EU must learn lessons from Copenhagen and lead by example

EU must learn lessons from Copenhagen and lead by example

At an informal meeting on 11 February, European leaders will discuss ways to rebuild momentum following the setback at Copenhagen.

Due to internal divisions the EU did not raise its emission reduction target to 30% before or during the UN Climate Summit in Copenhagen and had to settle for a non-binding “Copenhagen Accord” that falls well short of Europe’s objectives.

In an updated briefing, “30 Percent and Beyond – Strengthening EU Leadership on Climate Change”, environmental think-tank E3G argues that the EU should raise its unilateral emissions reduction target to 30%, and should table a conditional offer of a 40% reduction in the event of a fair, ambitious and binding international agreement.

"Copenhagen has not changed the fact that moving to 30-40% reductions is in the EU’s domestic interest,” said Nick Mabey, Chief Executive and Founding Director of E3G.

"Business has decided there is no high growth, high carbon future in Europe and is looking for the certainty it needs to scale up low carbon investment. 30% would bolster the carbon market and create the conditions needed to maintain EU leadership in the industries of the future”

Key conclusions from the briefing:

  • As a result of the recession, the cost of achieving a 30% target is now estimated to be €104bn cheaper than the original 20% reduction was expected to be when first adopted.
  • According to the IEA, by using offsets and surplus allowances banked from Phase 2 of the Emissions Trading Scheme, the EU could meet its current 20% target without any additional domestic abatement taking place. This would undermine the integrity of the ETS.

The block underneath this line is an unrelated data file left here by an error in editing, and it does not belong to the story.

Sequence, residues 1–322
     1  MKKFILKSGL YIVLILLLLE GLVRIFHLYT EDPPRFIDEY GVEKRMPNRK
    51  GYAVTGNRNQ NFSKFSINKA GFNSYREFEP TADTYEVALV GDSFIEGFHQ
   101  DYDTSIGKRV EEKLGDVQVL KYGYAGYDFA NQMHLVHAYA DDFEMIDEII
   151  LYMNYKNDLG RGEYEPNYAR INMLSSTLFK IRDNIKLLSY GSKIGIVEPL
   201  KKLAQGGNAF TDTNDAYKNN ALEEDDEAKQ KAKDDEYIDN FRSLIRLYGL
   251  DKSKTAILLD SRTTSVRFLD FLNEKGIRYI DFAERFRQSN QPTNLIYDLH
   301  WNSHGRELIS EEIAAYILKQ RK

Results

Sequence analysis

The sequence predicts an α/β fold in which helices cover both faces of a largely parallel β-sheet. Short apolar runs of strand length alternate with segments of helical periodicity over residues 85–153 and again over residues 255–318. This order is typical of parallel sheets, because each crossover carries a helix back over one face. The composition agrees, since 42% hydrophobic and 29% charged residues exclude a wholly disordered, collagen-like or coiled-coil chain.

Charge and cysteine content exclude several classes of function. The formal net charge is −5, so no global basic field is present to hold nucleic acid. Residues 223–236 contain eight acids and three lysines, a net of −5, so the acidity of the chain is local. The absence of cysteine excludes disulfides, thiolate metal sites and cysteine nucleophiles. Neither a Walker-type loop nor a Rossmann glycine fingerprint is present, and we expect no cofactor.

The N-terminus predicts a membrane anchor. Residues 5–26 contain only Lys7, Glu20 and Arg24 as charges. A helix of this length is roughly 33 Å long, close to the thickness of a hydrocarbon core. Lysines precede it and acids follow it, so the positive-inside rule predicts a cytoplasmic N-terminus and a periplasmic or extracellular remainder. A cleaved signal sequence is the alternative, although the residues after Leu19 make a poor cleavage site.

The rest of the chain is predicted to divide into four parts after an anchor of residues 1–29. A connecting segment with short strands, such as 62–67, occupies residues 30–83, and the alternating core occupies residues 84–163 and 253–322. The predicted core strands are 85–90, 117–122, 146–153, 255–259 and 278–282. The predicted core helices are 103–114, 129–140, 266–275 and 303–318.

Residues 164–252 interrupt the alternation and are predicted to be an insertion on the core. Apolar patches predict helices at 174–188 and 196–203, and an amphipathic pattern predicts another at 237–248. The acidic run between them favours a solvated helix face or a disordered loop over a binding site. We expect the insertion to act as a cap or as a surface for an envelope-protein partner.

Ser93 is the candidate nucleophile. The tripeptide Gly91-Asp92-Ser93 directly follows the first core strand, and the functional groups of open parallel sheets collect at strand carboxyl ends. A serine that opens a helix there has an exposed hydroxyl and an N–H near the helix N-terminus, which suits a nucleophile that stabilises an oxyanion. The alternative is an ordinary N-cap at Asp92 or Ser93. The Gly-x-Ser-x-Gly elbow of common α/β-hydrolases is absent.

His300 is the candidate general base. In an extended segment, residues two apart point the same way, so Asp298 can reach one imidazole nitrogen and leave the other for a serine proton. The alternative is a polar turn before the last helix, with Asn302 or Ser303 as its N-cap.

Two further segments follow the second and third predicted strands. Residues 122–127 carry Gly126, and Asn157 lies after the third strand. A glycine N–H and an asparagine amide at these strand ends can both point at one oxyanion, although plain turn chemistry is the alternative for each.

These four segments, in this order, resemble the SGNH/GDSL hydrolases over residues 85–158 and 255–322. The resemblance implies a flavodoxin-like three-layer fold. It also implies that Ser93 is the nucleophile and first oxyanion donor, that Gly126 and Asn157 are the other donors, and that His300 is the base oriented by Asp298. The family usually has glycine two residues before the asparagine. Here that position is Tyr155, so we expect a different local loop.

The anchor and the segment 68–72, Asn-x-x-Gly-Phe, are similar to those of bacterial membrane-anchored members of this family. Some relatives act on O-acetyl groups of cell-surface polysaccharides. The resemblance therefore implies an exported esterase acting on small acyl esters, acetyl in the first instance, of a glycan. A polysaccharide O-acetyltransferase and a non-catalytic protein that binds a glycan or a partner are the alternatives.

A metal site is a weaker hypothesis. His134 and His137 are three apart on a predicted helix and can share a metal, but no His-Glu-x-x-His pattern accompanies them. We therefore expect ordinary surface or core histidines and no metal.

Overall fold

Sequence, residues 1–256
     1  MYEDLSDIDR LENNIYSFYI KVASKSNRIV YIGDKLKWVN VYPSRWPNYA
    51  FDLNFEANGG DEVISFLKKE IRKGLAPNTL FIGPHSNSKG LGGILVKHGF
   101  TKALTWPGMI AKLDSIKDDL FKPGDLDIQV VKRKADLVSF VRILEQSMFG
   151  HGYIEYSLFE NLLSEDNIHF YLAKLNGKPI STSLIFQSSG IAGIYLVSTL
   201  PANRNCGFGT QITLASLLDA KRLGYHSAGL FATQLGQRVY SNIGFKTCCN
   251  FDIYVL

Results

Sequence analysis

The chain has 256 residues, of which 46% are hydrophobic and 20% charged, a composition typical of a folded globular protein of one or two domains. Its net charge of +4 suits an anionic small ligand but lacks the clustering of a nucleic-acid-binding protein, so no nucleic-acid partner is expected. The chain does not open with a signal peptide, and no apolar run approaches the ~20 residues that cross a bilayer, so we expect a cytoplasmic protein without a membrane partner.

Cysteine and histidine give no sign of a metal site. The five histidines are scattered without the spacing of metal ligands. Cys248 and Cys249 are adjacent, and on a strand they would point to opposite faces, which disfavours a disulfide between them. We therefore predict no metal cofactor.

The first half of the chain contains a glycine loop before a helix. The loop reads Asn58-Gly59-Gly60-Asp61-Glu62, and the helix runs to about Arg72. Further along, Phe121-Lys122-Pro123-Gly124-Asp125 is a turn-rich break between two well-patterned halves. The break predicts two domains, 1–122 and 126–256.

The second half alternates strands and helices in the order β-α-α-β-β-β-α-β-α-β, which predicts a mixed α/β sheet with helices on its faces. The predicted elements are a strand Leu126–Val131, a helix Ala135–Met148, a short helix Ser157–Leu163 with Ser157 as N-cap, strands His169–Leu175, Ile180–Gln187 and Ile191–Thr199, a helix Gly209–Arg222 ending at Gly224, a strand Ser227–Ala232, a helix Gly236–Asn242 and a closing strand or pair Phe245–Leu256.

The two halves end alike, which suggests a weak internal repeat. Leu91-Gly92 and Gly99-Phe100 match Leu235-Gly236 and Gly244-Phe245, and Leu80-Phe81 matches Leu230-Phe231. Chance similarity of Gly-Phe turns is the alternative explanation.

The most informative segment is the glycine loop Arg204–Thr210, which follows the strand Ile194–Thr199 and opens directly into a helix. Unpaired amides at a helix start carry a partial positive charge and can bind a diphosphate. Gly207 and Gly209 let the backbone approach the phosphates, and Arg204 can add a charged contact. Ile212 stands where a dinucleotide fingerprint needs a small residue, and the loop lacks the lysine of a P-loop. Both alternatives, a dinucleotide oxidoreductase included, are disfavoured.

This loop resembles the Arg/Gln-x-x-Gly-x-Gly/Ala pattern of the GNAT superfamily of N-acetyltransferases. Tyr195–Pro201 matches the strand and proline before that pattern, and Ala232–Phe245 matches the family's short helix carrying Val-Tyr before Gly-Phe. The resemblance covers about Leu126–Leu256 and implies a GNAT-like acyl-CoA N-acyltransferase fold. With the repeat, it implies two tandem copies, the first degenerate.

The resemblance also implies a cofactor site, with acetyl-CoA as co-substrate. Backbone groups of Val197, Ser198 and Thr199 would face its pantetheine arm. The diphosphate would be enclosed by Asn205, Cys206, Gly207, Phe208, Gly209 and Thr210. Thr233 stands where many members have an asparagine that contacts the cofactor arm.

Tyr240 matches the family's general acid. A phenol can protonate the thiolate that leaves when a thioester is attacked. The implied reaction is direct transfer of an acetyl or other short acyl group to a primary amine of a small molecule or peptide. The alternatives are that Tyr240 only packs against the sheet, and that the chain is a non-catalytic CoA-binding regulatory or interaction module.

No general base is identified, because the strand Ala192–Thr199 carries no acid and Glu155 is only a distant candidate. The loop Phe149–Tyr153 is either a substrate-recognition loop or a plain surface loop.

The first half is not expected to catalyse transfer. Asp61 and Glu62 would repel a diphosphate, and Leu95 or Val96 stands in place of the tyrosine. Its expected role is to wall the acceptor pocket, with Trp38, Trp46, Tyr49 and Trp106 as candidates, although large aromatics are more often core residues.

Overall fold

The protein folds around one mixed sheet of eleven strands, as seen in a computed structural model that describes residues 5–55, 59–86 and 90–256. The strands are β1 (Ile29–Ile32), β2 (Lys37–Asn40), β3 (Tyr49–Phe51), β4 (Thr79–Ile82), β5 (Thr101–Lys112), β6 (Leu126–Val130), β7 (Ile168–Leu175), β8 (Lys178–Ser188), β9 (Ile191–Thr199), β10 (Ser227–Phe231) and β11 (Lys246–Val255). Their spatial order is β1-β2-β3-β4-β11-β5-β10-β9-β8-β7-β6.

• Heavy industry has been a net seller of allowances during the initial phases of the ETS and could see additional windfall profits of up to €5.4bn by the end of Phase 2.
  • The projected fall in the carbon price as a result of the recession also implies reduced auction revenue for governments from 2013 to 2020. In its impact assessment for the 2020 Climate Package, the European Commission predicted that a carbon price of €39/tonne and 50 percent auctioning would result in auction revenue of around €38bn by 2020. Many forecasts now put the price in 2020 at closer to €20/tonne, meaning auction revenues would be cut in half.


Editor’s Notes:

1. ‘30 Percent and Beyond’ is a briefing from E3G as part of their programme of work on Global Deal. The report, originally released in November 2009, has been updated to reflect the outcome of the Copenhagen Climate Summit.


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